Egypt has been considered as the birthplace of the mysteries. It was there that the ceremonies of initiation were first established. It was there that truth was first veiled in allegory, and the dogmas of religion were first imparted under symbolic forms. From Egypt - "the land of the winged globe" - the land of science and philosophy, "peerless for stately tombs and magnificent temples - the land whose civilization was old and mature before other nations, since called to empire, had a name" - this system of symbols was disseminated through Greece and Rome and other countries of Europe and Asia, giving origin, through many intermediate steps, to that mysterious association which is now represented by the Institution of Freemasonry.
To Egypt, therefore, Masons have always looked with peculiar interest, as the cradle of the mysterious science of symbolism whose peculiar modes of teaching they alone, of all modern institutions, have preserved to the present day.
The initiation into the Egyptian mysteries was, of all the systems practiced by the ancients, the most severe and impressive. The Greeks at Eleusis imitated it to some extent, but they never reached the magnitude of its forms nor the austerity of its discipline. The system had been organized for ages, and the priests, who alone were the hierophants, - the explainers of the mysteries, or, as we should call them in Masonic language, the Masters of the Lodges, - were educated almost from childhood for the business in which they were engaged. The "learning of the Egyptians," in which Moses is said to have been skilled, was all imparted in these mysteries. It was confined to the priests and to the initiates; and the trials of initiation through which the latter had to pass were so difficult to be endured, that none but those who were stimulated by the most ardent thirst for knowledge dared to undertake them or succeeded in submitting to them.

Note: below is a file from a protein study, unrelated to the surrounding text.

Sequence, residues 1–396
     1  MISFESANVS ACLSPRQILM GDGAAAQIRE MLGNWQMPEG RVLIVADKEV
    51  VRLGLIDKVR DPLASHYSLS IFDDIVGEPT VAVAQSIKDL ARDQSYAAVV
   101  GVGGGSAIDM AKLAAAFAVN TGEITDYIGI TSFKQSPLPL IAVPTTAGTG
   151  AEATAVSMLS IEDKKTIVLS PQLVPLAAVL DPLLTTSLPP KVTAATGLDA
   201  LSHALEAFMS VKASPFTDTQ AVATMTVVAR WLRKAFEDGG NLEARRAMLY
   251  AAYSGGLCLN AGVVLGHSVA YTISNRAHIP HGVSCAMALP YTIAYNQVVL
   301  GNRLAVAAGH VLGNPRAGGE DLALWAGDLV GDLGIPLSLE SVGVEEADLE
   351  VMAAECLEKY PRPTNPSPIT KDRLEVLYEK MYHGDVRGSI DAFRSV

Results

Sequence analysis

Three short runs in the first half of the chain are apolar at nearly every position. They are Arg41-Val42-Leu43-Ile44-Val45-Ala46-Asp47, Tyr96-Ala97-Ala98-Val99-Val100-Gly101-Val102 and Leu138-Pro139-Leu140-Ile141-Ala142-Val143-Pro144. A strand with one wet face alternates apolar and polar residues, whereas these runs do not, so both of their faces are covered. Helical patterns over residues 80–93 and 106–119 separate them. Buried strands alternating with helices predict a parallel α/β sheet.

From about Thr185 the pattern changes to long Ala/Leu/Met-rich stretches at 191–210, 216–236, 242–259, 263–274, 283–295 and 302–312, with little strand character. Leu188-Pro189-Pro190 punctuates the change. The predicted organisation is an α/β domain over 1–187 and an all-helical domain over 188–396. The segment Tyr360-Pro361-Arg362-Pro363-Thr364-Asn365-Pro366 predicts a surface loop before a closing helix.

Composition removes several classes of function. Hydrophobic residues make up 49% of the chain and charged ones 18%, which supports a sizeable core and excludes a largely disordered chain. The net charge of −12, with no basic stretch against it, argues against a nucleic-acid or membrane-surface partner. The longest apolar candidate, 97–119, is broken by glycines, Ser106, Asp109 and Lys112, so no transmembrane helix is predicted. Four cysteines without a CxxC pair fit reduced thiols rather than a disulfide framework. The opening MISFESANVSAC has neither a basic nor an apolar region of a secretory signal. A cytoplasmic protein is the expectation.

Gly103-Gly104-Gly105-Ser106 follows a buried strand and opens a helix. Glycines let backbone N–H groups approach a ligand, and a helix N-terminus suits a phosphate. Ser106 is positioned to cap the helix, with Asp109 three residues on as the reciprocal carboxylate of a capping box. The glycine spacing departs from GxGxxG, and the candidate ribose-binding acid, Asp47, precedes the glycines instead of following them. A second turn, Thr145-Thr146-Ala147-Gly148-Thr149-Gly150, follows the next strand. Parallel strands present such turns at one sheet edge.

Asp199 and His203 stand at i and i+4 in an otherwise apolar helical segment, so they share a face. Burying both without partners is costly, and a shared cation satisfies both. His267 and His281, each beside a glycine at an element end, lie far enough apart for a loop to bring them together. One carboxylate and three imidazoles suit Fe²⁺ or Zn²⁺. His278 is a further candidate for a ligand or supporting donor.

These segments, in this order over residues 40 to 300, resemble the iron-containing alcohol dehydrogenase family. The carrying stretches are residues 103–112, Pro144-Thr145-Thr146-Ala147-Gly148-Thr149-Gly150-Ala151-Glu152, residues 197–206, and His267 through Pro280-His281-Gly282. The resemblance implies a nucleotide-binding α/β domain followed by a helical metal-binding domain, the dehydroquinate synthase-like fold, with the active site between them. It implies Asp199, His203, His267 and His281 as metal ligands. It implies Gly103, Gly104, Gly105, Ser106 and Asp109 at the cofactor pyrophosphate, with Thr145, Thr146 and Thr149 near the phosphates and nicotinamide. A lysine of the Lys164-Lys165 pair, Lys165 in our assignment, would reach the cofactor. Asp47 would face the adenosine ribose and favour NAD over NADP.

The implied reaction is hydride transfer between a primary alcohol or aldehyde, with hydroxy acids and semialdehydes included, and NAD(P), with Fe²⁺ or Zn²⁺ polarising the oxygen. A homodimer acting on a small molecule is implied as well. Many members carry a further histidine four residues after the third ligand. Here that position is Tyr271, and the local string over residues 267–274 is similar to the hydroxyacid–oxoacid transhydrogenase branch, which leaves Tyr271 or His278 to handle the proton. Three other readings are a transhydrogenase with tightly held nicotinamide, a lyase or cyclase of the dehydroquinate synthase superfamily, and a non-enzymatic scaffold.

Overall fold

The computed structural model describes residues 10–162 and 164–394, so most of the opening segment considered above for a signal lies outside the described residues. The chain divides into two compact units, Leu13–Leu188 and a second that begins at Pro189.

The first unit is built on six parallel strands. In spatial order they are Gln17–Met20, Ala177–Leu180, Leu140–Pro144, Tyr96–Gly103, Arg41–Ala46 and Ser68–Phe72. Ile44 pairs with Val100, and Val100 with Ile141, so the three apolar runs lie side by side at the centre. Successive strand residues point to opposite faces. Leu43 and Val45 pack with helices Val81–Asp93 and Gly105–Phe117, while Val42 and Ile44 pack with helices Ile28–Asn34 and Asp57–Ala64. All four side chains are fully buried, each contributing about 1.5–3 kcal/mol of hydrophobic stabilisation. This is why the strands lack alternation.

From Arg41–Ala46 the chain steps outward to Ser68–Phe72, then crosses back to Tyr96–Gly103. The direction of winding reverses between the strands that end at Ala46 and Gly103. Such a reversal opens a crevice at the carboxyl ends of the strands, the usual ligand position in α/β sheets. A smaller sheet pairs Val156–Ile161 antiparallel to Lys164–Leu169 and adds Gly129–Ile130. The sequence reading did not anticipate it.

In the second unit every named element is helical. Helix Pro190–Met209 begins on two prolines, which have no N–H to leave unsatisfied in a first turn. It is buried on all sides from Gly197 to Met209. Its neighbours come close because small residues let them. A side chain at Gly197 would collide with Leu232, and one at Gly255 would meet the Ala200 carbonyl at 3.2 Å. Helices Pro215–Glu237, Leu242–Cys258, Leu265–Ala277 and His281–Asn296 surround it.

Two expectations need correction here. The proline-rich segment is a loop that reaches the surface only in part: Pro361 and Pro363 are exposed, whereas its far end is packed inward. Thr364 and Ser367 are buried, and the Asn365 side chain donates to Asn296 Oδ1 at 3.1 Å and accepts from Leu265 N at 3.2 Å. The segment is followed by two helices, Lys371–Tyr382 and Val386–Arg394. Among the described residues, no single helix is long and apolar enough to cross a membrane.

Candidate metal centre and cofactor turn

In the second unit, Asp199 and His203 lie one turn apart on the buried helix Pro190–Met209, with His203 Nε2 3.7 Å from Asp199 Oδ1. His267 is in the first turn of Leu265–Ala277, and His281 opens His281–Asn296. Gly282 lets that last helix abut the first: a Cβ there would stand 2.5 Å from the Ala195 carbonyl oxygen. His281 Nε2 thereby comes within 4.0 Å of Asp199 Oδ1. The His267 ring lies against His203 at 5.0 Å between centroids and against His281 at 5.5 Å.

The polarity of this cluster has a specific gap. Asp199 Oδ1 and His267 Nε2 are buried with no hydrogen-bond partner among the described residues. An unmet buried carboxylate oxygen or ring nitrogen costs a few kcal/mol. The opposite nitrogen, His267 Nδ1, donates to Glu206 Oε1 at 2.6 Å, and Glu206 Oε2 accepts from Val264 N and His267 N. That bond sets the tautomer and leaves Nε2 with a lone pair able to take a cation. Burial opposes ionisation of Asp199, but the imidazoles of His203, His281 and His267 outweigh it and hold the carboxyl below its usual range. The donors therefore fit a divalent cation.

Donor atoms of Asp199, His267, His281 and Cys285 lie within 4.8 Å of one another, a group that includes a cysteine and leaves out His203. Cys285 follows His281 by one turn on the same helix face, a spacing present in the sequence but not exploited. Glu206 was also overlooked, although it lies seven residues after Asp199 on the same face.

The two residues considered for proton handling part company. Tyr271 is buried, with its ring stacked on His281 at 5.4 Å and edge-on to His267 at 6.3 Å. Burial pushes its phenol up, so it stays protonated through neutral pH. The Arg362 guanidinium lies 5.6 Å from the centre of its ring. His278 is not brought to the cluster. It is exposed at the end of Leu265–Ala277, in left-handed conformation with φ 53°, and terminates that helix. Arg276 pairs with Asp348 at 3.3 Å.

The priesthood of Egypt constituted a sacred caste, in whom the sacerdotal functions were hereditary. They exercised also an important part in the government of the state, and the kings of Egypt were but the first subjects of its priest. They had originally organized, and continued to control, the ceremonies of initiation. Their doctrines were of two kinds - exoteric or public, which were communicated to the multitude, and esoteric or secret, which were revealed only to a chosen few; and to obtain them it was necessary to pas through an initiation which was characterized by the severest trials of courage and fortitude.
The principal seat in the mysteries was at Memphis, in the neighborhood of the great Pyramid. There were two kinds the greater and the less; the former being the mysteries of Osiris and Serapis, the latter those of Isis. The mysteries of Osiris were celebrated at the autumnal equinox, those of Serapis at the summer solstice, and those of Isis at the vernal equinox.
The candidate was required to exhibit proofs of a blameless life. For some days previous to the commencement of the ceremonies of the initiation, he abstained from all unchaste acts, confined himself to an exceedingly light diet, from which animal food was rigorously excluded, and purified himself by repeated ablutions.